There’s plenty of star power behind “Girls Trip,” including always-bankable director Malcolm D. Lee and big names like Queen Latifah and Jada Pinkett Smith, but the film’s biggest breakout belongs to relative newcomer Tiffany Haddish, who makes off with not only the comedy’s best lines and bits of physical humor, but its most eye-popping performance. Best known to mainstream audiences for her work on “Keanu” and “The Carmichael Show,” Haddish has been working steadily since 2005, but “Girls Trip” seems destined to launch her into the big time (it doesn’t hurt that she’s also got her first stand-up special teed up for an August debut on Showtime). And it should, because she’s the best thing going in a film that has plenty else to recommend it, especially for audiences eager to see a truly wild summer comedy.
Lee’s film will inevitably draw comparisons to this summer’s other girls-gone-wild comedy, “Rough Night,” thanks to its similar subject matter and shared spirit, but “Girls Trip” benefits from a beefier storyline and better chemistry between its leads, though both are solid entries in the comedy sub-genre. Like “Rough Night,” the film follows a tight-knit group of pals from college who embark on one wild trip in the hopes of re-sparking their fading friendships, though “Girls Trip” leans more firmly into the emotional ties between its leading ladies, versus offing a male stripper within its first act and running with it.
That’s not to say that “Girls Trip” doesn’t offer up its fair share of raunchy comedy, and thanks to its two-hour-plus runtime, there’s more than enough time for heart-breaking reveals to exist next to jaw-dropping gags that run the gamut from scatological to possibly illegal. The punchlines are hilarious at every turn.
Tight since college, the film’s central foursome — affectionately known as the Flossy Posse, with jewelry to match — has spent the past few years mostly apart, due to both changing life circumstances and an enduring betrayal that’s steadily revealed over the course of the film, and all of that comes to a head during one insane weekend at New Orleans’ own Essence Festival, an environment ripe with possibilities for all sorts of high jinks.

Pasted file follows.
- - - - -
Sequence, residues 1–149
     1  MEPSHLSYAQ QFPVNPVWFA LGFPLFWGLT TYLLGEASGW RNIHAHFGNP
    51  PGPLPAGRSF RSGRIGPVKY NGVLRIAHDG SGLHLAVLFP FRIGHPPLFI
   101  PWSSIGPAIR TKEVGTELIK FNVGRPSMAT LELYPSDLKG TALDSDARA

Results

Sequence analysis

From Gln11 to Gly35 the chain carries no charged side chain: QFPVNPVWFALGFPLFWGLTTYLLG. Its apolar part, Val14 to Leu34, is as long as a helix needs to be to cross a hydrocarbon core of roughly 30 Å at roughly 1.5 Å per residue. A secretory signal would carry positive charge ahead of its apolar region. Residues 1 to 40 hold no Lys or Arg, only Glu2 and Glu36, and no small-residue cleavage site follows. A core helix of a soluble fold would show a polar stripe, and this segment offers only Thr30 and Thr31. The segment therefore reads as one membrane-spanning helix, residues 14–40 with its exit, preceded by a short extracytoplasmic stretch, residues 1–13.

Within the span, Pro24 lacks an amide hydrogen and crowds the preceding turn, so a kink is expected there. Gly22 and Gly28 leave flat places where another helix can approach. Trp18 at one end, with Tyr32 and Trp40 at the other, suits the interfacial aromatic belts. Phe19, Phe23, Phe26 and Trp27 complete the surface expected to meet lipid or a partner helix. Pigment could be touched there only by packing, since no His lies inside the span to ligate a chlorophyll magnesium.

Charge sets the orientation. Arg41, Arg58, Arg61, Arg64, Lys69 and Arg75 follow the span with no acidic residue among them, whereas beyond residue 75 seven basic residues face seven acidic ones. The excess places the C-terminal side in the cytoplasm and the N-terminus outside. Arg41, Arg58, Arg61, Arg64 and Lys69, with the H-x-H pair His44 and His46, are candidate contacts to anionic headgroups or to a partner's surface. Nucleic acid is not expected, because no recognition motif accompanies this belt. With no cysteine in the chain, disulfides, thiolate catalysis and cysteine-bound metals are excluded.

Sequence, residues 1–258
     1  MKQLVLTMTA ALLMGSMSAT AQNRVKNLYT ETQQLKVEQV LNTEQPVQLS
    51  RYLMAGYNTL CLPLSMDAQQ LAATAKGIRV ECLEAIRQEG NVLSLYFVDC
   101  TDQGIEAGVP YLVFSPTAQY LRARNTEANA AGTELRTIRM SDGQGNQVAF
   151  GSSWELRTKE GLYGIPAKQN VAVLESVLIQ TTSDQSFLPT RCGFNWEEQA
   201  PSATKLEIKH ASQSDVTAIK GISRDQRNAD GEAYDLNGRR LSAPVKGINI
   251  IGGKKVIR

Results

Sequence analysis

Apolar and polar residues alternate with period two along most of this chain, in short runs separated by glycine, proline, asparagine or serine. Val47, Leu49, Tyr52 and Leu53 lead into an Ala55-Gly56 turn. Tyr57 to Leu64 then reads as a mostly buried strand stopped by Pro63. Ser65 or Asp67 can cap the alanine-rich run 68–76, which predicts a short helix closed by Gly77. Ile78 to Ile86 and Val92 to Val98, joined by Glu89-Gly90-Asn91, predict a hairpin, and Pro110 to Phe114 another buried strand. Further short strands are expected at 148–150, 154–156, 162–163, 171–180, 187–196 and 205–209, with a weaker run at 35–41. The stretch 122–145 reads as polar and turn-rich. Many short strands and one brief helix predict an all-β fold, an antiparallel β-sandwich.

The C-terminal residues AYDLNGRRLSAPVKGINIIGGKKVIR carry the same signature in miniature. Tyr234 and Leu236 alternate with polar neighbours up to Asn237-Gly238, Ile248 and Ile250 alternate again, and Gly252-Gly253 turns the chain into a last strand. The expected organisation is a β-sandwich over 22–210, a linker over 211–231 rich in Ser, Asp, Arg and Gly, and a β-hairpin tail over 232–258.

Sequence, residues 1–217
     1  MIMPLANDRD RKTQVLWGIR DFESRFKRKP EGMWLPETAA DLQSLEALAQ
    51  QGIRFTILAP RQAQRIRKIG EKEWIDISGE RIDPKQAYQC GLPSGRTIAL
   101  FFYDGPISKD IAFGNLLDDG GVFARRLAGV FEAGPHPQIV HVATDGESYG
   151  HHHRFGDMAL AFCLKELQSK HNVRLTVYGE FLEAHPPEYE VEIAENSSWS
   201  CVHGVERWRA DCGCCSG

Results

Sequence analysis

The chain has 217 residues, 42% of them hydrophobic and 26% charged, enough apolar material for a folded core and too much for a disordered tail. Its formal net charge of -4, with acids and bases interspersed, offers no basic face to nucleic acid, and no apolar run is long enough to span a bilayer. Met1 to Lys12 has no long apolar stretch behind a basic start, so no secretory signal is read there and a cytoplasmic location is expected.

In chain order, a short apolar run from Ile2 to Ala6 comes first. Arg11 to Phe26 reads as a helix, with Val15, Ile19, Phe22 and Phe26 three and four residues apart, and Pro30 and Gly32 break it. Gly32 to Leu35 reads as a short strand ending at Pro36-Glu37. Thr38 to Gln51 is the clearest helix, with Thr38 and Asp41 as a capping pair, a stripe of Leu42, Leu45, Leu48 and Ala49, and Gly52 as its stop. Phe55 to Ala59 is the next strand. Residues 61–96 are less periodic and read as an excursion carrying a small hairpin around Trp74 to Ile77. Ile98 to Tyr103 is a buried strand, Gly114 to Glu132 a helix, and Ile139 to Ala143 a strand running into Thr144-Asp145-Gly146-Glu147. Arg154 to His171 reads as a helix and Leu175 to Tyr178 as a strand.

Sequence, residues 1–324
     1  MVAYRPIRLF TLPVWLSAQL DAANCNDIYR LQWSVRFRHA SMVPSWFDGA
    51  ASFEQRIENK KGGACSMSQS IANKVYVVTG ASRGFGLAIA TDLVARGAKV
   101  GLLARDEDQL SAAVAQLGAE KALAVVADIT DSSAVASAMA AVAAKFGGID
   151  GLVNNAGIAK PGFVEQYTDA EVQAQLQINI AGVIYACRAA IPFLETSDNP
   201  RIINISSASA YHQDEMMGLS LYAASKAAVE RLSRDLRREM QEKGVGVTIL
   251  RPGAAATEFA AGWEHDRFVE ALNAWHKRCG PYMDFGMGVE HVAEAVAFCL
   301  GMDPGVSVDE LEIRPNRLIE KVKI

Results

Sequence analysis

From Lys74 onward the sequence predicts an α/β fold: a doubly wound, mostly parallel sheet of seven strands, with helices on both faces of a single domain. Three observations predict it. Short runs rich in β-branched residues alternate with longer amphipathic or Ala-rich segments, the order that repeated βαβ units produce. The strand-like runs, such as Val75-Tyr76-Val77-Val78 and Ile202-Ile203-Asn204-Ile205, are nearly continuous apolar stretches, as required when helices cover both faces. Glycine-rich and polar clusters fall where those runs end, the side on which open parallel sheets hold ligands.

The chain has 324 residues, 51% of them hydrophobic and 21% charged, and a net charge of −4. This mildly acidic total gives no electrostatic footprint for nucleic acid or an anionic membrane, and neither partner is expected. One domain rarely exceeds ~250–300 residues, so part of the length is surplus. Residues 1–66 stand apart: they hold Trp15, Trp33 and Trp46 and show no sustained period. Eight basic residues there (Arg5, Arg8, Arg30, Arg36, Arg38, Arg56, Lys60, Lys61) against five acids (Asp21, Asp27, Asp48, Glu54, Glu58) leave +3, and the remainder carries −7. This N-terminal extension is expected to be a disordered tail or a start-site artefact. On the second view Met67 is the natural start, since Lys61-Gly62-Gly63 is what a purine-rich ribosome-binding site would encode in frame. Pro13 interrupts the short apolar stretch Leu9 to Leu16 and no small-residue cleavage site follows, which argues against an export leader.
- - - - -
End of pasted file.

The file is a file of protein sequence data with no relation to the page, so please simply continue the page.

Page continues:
Ryan (Regina Hall) has always been the most successful of the crew, with one hell of a money-making venture — styling herself and her smoothie husband Stewart (Mike Colter) as the next coming of Oprah, Martha Stewart, and that “Fixer Upper” couple combined. Ryan and Stewart are well on their way to a lucrative new contract with Wal-Mart, but first she needs to deliver a massive keynote speech at Essence Fest — the perfect opportunity to reunite her girls for a weekend of fun and support. What could possibly go wrong?
Dina (Haddish) is the live wire, first introduced by way of a dizzying scene in which she’s fired, rejects her dismissal, and makes it clear that she may well be the world’s worst employee in the process. Lisa (Pinkett Smith) is the beleaguered mom, freshly divorced and ruthlessly dedicated to her kids, who desperately needs a vacation to shake her up. Like Ryan, Queen Latifah’s Sasha is also in the public eye, thanks to her popular gossip blog, which might not be nearly as profitable as her affluent lifestyle lets on. From the jump, fissures between the ladies are obvious — it’s not just busy lifestyles keeping them apart — and “Girls Trip” easily leans into emotional beats while also piling on the humor.
Haddish’s zippy charisma sets the tone early, zinging between bouts of physical comedy (no one lunges at a co-star with as much pizzazz as Haddish) and wonderfully inappropriate one-liners that are as shocking as they are masterfully delivered. Later in the film, Haddish serves up what will likely become contemporary cinema’s best example of how to use fruit to simulate sex acts (sorry, “American Pie”), a sequence so deliciously raunchy that it’s worth the price of admission alone.
But Dina, for all her big talk and hilarious faults, is also an exceedingly loyal friend, and that will come in handy when “Girls Trip” doubles down on the very big secret at its center. It’s that secret that is the source of much of the film’s drama, and while it makes for a bit of an overstuffed feature (few comedies demand running times that push past two hours, including this one), it’s a narrative device that drives the film forward into deeper waters than pure laughs could provide.
But those pure laughs are more than enough to sustain the summer’s best comedy so far, as “Girls Trip” nails laugh after laugh even amidst — and oftentimes because of — dramatic issues that wouldn’t be out of place in a Lifetime movie. As the ladies make their way through all the glory Essence Fest has to offer, including run-ins with a slew of big talents in a seemingly never-ending parade of cameos (Diddy makes off with the best one, predictably bolstered by Haddish’s involvement) and at least one wildly ill-inconceived adventure fueled by absinthe, “Girls Trip” keeps the momentum whirling ever onward into the next big comedic set piece. That it all ends with a heartwarming reveal doesn’t dilute its more raucous sensibilities; it only makes it more clear why Lee and his ladies should think about turning this “Girls Trip” into a franchise that can spawn more uproarious vacations.
“Girls Trip” will be released in theaters nationwide on Friday, July 21.